Saturday, October 31, 2015

Traveling the Backwards Path to the Musick of Coil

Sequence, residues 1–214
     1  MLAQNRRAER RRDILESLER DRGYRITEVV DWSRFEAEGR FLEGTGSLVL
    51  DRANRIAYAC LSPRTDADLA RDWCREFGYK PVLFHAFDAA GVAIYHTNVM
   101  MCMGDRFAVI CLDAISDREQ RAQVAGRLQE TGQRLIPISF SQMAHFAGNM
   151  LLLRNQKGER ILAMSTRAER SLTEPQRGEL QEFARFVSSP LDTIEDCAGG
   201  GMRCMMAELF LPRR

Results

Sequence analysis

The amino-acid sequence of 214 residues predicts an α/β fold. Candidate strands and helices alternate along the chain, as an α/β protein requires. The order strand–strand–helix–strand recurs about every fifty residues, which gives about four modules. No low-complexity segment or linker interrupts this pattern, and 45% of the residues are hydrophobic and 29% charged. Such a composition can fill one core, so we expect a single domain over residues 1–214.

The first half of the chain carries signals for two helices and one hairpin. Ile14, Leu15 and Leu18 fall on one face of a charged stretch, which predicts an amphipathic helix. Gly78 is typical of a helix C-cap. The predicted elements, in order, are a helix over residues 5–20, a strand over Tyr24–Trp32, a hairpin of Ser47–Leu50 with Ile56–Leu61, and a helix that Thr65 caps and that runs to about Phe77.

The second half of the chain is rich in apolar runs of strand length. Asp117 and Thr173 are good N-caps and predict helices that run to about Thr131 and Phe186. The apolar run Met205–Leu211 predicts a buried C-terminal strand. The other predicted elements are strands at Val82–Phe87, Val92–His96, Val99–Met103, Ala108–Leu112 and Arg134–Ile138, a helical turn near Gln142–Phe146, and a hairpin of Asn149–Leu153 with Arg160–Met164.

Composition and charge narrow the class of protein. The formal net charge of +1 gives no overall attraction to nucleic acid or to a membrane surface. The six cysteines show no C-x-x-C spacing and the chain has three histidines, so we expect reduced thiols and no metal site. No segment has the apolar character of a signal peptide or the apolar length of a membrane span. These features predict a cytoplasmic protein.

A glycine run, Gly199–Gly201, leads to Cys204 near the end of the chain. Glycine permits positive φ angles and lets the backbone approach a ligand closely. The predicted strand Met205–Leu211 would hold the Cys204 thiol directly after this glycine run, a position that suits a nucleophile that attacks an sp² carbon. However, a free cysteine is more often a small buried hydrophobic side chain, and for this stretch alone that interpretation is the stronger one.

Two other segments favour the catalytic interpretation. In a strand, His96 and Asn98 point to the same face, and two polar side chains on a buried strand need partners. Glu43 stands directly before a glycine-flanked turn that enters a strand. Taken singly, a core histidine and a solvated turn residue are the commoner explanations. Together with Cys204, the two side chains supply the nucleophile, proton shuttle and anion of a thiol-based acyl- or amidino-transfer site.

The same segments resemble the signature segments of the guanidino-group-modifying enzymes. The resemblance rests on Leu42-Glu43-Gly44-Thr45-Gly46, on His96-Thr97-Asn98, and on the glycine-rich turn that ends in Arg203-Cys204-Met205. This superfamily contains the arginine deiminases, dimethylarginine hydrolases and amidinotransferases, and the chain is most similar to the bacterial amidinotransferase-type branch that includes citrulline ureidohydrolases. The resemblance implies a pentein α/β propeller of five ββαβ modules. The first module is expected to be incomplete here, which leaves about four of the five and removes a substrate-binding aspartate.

Like the posthumous novel, there are on occasion albums that appear in the world in the wake of their creators that redefine the artist's trajectory, effectively rewriting their past with it's influence. "Backwards" is such an album. After the rapturous vocal invocations and dream-murmuring of Jhonn Balance ceased upon his accidental death in 2004, his creative partner and ex-lover Peter Christopherson spent the ensuing years having relocated to Thailand, building a shrine to the decades of their shared creative project, Coil. Assembled from sessions ranging from more than a decade old to just weeks before the Jhonn's fatal accident the album was a hauntingly melodic, funereal, maudlin affair. "The Ape of Naples" and it's companion release "The New Backwards" both released in a deluxe vinyl box set in 2007, were the last funereal echo of the dou's decades of shape-shifting psychedelic decadence. Work had also begun on a comprehensive archive of their recorded output, but the "Colour Sound Oblivion" box set was to be the only publicly released artifact of this endeavor before Peter's own demise in 2010. Shortly before his death, in a 2009 interview as part of Resonance FM's feature, "Peter Christopherson on the Hour of the Apocalypse" he spoke to the aesthetic and technical nature of those recordings from a decade before. In the interview he details Coil's choice to never release the fruits born of the sessions spent in the mid-1990s following an invitation to record in Trent Reznor's New Orleans studio. A decision partially born of the recordings being a product of the influences of their time and setting, which as the years passed Christopherson felt Coil had moved beyond. There were also complications with Nothing Records' larger corporate umbrella, Interscope, and the the legal requirements of it's release producing a confluence of factors that caused the album to be shelved. First temporarily and then, as the new century arrived, permanently. Regardless of the the holding field the album itself was contained in, it's mythic status continued to gestate through the decade, occasionally inflated by Coil revealing the inner workings of their "Obscure Mechanics" in philosophical interviews in the pages of The Wire.